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Robert Proctor is an American historian and the author of Cancer Wars and The Nazi War on Cancer. In the latter book, published in 1999, he discussed pioneering research in the Third Reich on the connection between smoking and lung cancer and the strong Nazi emphasis on antismoking policies, a precursor of the wider focus on antismoking postwar. Prior to Proctor's work, the Nazi interest in antismoking had been discussed in the UK by historically minded epidemiologists writing in the Journal of Epidemiology and Community Health in 1994.
Proctor's tone in his earlier book was measured. He was at pains to stress at the outset that discussion of Nazi antismoking interests did not imply approval of other Nazi policies. The fact that he was drawing our attention to a ‘good’ Nazi policy did not mean that he approved of their other actions. That approach, a typically historical one, has changed in the intervening years. The tone of this book, and its title, is quite different. This is advocacy history. Proctor is part of the antismoking action with a clear policy agenda promoted through historical research. Cigarette smoking is a ‘Golden Holocaust’ and the book aims to show how the cigarette became an item of mass culture, how its risks were revealed by research, and then hidden by manufacturers. Proctor sets out a political agenda for the future, one where the aim is prohibition and the elimination of the cigarette.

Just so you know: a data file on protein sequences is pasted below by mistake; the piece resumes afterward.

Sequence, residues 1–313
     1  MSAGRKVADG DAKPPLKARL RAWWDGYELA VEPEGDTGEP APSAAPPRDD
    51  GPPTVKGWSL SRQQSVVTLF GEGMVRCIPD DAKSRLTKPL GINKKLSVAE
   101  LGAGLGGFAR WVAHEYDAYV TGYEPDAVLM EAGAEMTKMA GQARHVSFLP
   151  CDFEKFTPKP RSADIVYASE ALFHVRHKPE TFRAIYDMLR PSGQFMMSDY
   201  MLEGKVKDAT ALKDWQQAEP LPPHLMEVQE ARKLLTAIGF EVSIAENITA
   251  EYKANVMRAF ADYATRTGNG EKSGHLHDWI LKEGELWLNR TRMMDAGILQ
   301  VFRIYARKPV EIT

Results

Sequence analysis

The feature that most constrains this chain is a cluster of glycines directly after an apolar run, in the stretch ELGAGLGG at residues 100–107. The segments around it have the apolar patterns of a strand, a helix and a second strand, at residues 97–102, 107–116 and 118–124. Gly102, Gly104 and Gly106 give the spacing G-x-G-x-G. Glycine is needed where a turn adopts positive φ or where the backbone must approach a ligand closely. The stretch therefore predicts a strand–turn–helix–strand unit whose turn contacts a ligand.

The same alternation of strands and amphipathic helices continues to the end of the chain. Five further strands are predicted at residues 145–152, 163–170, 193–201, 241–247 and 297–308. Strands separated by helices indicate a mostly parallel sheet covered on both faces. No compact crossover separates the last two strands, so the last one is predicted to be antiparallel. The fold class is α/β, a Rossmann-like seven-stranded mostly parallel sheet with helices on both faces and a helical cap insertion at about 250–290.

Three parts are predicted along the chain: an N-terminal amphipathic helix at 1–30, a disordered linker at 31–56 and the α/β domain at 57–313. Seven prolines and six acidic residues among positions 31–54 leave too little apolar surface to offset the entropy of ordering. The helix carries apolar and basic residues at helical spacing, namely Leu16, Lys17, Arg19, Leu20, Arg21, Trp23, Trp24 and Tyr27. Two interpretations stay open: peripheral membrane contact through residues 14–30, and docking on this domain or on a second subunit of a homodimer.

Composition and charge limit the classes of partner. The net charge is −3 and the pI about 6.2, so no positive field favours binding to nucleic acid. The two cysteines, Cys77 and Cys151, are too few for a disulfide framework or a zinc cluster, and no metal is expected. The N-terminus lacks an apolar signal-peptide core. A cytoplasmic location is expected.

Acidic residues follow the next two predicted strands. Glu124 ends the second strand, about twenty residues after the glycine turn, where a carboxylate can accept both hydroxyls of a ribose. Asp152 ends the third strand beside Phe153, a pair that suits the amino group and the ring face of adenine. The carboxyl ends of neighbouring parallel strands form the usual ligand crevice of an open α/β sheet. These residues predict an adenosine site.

The methodology of the current book differs from the historical norm. Proctor has acted as an expert witness in one of the many US legal cases against the tobacco industry and has used material from the online industry archives released as part of legal settlements and now available …
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